"I'd like to ask everyone to stand," said the voice teacher from his position at the front of the large, airy recital room. Half a dozen children suffering from preperformance nerves rose from their little arc of seats and waited for further instructions.
"Everyone," the teacher repeated, smiling. "Parents, that means you, too." He gestured theatrically with his hand, and the small audience of adults and siblings clambered to its feet.
"When we are preparing to sing," he said, "we do an exercise that helps us to expand our chests, so that we can use our breath as a bellows. We'd like you to do it with us."
The parents exchanged wry glances but signaled that they were willing to comply. The performers looked sheepish.
"First," the teacher said, "we extend the arms, straight in front." Everyone promptly extended their arms.
"Then we turn the palms up," he said, "and spread our arms out wide to the sides." Everyone did so.
"Now, without changing the position of your palms, lower your arms to your sides." This was quickly done.
"Do you notice a difference?" the teacher asked.
A difference? Wow, was there a difference! Instantly a roomful of ordinary people had been transformed into a tableau from Olympus, or Prussia.
Gone were the slovenly postures of normal life. Every back was erect, every chest had lifted and every head seemed ennobled. The children at the front of the room suddenly looked like performers, regal and poised. The change was similarly striking in the grown-ups and children of the audience. Everyone's clothes hung more elegantly; everyone exuded a little more style.
And all they'd done was to stand up straight.
It was an uncomfortable reminder, this scene, of how much has slipped in the way most of us all conduct ourselves. Once upon a time, inculcating good posture was a cultural fixation bordering on obsession. Girls really were given books to balance on their heads so as to learn to deport themselves gracefully. Boys sought to develop a manly, military bearing. The young invalid in Frances Hodgson Burnett's "The Secret Garden" was afraid to leave his bed, for fear it would affect the curvature of his spine. His dread of developing a humpback was a societal one; in my mother's family, children were warned that they must stand up straight lest the wind change and they find themselves stuck in a slump forever.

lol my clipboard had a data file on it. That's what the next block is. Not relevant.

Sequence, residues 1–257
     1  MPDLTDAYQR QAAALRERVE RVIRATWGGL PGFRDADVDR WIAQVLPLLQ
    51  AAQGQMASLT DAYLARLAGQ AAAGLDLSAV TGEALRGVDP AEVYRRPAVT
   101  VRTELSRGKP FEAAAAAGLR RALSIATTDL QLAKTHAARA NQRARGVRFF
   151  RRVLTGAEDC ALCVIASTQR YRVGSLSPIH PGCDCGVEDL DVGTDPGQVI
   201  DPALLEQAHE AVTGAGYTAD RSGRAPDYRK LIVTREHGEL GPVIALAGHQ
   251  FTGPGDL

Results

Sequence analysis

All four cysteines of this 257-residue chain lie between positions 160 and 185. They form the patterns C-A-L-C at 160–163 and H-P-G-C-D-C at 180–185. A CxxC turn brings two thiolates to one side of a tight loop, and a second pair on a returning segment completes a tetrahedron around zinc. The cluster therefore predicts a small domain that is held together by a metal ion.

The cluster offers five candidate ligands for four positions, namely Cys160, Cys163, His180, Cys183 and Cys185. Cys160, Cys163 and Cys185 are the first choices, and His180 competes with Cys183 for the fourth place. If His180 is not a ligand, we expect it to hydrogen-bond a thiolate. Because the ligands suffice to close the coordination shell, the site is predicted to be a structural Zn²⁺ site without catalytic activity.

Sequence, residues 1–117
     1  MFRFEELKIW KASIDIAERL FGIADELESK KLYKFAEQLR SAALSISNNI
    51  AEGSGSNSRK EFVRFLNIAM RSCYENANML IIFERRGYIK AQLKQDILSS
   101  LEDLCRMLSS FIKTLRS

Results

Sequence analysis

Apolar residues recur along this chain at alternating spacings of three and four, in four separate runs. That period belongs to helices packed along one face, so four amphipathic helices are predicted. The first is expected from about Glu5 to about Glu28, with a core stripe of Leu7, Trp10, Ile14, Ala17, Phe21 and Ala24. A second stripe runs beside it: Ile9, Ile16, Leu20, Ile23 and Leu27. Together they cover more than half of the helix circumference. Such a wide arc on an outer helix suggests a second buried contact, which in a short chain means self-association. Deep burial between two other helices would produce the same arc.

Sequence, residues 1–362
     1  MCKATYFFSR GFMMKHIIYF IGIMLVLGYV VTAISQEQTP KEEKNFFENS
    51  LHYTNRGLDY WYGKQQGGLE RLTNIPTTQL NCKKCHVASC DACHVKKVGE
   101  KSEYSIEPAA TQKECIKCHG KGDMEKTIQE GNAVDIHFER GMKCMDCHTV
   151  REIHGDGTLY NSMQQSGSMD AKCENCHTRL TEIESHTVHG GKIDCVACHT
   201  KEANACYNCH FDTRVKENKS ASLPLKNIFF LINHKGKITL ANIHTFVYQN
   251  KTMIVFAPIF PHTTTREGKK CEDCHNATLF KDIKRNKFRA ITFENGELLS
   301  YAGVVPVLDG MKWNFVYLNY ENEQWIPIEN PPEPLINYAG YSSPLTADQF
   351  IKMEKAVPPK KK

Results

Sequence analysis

Now look around. Unless you're in a ballet studio or the armed forces, the chances are that most of the people you see have no fear of what might happen if the wind changes. We've become a slope-shouldered, crook-backed, bowed-down, bent-over bunch of people, and it's not a lovely sight.
For one golden moment, in that recital room, it was possible to get a glimpse of a different way -- the way of the past. With a word from the teacher, it was over.
"You can all relax now," he said.
It was as though someone had cut the strings to a roomful of marionettes. Down went everyone's shoulders, children and adults, as the gods of good posture became mere mortals again.
Meghan Cox Gurdon's column appears on Sunday and Thursday. She can be contacted at email@example.com.